Actually this picture has one big frame along with many smaller boxes and subdivisions that make up a grid. in other frames are everywhere.
The San Francisco de Asis Mission
The San Francisco de Asis Mission is the formal name for the old Spanish mission that takes most of the space in the central plaza of Ranchos de Taos, a small town in northern New Mexico, which is situated right outside Taos. More commonly, the old church is often referred to as the Ranchos de Taos Mission or simply the Ranchos Church. This is one of the few buildings in the world, where the posterior view is better known than the anterior view. The culprit in this case are several early 20th century artists, such as Ansel Adams and Georgia O’Keefe, who made stunning images of the backside, which happens to sit almost adjacent to a major NM state highway. Here is one of the oil paintings of the rear side of the church that Georgia O’Keefe made back in the 30s.
Adobe is nothing more than mud (with a heavy clay content) mixed with straw. It is common building element used in the third world, but used much less so in a modern industrial society. The ingredients are inexpensive, easy to apply and durable, especially in drier climates. Adobe churches are still found in Northern New Mexico, where every 5 to 7 years, workers gather to apply a new coat of mud and straw to these structures. This old-fashioned type of adobe should not be confused with the numerous cement-coated structures that are painted an earth color in order to resemble a real adobe building. The adobe structures are not limited to churches and can be found all over the region. Original adobe walls are built with mud and straw bricks that are air-dried in the Southwestern desert sun and then covered with a mud and straw stucco mixture. This stucco breaks down after awhile , so it has to be re-applied every six years or so.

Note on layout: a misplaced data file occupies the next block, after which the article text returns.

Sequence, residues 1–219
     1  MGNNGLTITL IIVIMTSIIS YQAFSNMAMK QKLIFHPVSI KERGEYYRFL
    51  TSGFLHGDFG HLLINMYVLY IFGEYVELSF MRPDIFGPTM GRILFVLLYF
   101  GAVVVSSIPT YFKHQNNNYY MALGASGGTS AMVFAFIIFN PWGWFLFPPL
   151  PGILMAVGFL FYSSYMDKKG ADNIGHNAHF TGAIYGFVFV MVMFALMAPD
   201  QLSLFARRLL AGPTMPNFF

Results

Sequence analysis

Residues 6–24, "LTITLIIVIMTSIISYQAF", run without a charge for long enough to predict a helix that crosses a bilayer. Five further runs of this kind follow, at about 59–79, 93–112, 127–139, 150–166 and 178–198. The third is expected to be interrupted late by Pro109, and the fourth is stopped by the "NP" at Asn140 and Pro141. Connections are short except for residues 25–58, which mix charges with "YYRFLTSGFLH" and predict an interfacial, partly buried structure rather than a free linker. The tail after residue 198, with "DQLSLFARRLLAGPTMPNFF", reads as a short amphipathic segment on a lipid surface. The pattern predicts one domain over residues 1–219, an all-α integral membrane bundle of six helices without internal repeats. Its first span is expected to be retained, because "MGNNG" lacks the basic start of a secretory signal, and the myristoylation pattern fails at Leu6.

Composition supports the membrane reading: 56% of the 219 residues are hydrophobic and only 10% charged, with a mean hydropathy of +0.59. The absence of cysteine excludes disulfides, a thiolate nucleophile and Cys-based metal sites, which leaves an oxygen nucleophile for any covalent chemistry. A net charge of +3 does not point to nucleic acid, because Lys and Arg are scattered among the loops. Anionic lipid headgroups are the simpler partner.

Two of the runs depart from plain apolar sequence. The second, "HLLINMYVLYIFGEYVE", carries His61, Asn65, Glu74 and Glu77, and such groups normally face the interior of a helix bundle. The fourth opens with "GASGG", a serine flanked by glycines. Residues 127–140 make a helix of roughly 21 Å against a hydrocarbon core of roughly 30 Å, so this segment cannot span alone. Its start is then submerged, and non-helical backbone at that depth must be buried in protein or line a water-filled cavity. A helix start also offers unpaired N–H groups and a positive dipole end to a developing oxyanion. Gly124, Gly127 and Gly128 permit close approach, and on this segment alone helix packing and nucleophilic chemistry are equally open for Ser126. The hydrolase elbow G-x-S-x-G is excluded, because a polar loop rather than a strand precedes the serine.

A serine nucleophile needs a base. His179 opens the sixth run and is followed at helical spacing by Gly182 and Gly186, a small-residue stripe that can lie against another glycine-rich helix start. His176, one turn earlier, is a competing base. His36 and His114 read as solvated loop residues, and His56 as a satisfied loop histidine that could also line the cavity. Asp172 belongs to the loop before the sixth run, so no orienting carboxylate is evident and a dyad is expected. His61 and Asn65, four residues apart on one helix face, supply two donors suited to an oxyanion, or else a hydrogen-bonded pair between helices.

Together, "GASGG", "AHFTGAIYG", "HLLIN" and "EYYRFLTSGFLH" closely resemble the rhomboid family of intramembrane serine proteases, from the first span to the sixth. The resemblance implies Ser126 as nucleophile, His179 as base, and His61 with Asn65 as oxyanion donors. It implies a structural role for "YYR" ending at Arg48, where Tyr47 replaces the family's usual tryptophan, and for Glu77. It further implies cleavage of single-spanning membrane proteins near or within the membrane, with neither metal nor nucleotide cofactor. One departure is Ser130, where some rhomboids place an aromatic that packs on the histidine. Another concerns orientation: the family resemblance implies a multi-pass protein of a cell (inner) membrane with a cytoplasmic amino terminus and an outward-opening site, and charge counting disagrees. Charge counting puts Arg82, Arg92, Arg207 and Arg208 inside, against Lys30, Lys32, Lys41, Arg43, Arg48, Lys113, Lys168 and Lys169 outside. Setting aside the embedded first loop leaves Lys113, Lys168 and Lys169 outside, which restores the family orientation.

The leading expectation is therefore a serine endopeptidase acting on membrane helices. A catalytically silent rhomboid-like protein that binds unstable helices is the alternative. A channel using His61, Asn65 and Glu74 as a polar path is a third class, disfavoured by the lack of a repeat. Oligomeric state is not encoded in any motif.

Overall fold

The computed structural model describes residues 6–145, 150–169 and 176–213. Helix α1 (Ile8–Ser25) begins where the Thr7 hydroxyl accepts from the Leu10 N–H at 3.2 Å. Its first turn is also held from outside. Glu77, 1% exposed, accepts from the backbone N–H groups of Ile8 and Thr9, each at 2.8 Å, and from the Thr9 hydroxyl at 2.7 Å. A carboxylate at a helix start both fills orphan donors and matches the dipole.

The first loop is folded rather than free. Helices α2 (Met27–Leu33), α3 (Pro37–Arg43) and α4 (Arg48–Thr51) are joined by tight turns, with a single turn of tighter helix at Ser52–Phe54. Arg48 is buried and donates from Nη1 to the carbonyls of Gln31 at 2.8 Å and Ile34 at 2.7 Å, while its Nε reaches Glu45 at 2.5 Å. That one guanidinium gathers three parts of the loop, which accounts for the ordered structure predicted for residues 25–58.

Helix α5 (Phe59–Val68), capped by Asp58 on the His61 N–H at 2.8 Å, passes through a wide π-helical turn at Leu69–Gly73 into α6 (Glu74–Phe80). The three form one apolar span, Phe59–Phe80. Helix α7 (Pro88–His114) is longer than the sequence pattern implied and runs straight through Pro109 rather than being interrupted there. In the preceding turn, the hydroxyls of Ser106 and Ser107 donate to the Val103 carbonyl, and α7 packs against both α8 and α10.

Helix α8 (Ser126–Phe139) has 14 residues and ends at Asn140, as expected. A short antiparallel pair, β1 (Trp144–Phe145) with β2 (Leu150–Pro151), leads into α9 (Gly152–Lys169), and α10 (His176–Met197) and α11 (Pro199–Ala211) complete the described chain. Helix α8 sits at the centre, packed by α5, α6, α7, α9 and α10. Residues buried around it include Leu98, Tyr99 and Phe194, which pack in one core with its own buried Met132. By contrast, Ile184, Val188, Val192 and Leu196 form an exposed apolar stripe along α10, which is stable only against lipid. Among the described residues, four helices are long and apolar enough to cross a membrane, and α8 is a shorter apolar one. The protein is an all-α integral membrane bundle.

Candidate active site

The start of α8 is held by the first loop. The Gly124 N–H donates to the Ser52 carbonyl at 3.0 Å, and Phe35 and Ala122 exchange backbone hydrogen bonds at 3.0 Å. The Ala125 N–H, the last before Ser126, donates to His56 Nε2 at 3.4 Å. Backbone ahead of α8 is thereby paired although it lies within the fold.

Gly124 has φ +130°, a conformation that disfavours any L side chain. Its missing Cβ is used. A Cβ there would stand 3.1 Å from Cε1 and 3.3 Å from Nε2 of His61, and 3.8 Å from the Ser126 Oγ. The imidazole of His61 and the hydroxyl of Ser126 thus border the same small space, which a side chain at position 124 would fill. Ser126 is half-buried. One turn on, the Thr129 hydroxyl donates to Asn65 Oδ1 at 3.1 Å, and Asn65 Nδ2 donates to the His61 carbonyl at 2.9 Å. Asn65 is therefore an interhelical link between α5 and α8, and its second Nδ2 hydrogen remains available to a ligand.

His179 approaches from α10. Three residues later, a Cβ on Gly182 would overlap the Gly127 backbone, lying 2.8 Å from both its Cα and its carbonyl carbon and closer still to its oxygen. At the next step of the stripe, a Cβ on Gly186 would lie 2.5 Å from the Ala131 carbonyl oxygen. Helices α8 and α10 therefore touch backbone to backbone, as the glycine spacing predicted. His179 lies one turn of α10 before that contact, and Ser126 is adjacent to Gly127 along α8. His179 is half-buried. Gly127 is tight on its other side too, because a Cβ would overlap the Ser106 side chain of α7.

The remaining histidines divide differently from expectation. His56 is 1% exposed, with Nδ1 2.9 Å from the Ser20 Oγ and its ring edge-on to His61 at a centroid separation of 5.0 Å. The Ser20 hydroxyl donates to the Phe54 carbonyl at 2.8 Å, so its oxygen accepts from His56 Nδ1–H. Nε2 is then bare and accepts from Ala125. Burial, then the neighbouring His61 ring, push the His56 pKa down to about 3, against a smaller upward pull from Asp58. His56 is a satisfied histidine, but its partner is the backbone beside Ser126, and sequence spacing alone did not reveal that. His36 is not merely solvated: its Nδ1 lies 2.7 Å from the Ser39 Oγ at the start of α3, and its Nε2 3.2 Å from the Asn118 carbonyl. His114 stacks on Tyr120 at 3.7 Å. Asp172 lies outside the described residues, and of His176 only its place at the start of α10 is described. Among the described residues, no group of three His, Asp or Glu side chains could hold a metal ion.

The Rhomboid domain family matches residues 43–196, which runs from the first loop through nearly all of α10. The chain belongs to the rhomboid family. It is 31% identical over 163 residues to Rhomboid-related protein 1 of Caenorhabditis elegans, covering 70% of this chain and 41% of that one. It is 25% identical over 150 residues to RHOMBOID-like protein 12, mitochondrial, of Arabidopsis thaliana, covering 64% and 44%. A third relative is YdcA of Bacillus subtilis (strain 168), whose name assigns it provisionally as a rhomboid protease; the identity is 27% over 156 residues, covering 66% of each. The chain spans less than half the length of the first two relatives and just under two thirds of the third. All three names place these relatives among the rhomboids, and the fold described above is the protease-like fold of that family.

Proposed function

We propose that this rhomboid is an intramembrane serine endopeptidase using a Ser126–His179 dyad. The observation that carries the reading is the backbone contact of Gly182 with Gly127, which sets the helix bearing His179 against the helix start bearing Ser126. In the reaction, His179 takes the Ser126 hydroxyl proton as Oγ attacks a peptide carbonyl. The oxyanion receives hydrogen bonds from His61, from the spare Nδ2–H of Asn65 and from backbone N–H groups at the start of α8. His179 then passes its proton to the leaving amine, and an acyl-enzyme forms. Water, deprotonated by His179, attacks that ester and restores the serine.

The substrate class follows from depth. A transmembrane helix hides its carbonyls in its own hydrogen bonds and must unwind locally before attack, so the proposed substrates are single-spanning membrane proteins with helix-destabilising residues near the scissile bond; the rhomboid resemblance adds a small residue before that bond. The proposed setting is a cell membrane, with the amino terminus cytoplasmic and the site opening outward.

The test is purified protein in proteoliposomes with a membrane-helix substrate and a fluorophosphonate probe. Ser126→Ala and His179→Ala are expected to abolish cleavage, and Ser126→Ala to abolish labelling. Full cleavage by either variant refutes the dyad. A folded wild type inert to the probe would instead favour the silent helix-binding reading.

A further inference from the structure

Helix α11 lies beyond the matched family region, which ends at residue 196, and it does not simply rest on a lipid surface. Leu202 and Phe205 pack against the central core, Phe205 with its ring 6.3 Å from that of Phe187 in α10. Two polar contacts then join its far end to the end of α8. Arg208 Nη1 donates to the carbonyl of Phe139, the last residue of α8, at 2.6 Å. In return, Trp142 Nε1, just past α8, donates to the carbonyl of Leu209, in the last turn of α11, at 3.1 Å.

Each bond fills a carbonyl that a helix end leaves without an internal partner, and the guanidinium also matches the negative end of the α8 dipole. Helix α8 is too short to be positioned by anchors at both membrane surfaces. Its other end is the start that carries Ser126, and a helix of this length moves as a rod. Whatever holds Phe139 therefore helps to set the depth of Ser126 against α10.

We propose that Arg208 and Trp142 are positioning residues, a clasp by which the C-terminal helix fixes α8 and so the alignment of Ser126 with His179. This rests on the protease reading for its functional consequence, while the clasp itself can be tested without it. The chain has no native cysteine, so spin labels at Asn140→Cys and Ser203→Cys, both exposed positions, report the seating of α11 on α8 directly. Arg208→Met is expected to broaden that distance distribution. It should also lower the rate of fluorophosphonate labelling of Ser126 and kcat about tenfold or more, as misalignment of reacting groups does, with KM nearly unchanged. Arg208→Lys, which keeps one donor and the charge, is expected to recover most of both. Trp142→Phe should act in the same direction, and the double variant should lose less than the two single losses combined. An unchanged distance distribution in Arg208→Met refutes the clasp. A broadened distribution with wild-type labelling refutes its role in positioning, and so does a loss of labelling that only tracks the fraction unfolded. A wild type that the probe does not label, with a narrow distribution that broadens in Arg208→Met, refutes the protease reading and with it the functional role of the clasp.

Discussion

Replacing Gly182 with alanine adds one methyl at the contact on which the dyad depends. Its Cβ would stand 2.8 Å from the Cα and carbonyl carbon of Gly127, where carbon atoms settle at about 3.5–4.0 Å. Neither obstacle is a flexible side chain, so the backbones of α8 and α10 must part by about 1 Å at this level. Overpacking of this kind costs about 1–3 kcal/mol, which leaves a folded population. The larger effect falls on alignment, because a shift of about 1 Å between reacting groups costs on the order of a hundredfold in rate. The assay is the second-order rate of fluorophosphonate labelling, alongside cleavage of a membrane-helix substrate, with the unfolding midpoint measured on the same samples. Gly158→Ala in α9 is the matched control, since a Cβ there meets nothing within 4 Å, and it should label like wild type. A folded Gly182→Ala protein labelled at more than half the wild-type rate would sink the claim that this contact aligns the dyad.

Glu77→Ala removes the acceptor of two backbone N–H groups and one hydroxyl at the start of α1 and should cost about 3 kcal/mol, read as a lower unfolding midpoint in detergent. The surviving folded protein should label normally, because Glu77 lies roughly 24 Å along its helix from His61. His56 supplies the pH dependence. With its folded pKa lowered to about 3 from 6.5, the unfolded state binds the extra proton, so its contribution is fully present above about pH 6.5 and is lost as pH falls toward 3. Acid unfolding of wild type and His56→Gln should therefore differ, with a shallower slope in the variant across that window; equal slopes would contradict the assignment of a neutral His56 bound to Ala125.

My admiration comes in the way that modern builders and craftsmen are able to keep an old building tradition, despite the advances and onslaught of modern civilization.
Visiting the Ranchos de Taos Church
Yesterday, I had to travel from Santa Fe to Taos in order to pick up some mail and paperwork from my former place of residence. I rode the bus and since my errand only took a few minutes, I ended up with several hours to kill. I decided I would spend this time at this historic landmark located on the highway that heads back to Santa Fe. Funny thing that as a resident, I seldom went here, but now that I live out of town, I decided to go here, take pictures and make a few sketches of this iconic place of worship.
Where Is It?
The church is officially called the San Francisco de Asis Mission Church and it is located in Ranchos de Taos in Taos County of Northern New Mexico. Ranchos de Taos is a small Hispanic community situated just south of Taos at the western edge of the Sangre de Christo Mountains. This structure is in many ways similar to other Spanish missions situated across Northern New Mexico.
The Sculptural Properties of Adobe
Adobe is simply a mixture of mud and straw. Together the two materials combine for added strength. The elixir is easy to make and it used worldwide to create amorphous-shaped buildings, especially in dry climates such as the southwestern U.S. Most adobe buildings have to be re-coated every 5 to 7 years and as a result these structures can develop exterior walls that are quite thick and rounded in their appearance. This might help explain why the church at Ranchos de Taos has taken on its unusual appearance that makes the place so endeared by visual artists and curious travelers.
Approach From The Highway
As you approach the church from NM Highway 68, the first thing you will see is the large buttress form that still resembles the O’Keefe painting. To view the front side of the church that bears the twin bell towers and front entrance, it is necessary to exit the two-lane road and drive through the gravel and dirt parking lot until you reach the opposite end. This view, which is pictured below, looks very different from the part of the building that is adjacent to the highway. Perhaps, this arrangement has occurred because the church was built way back in the late 1700s, when local residents used different pathways to get where they were going.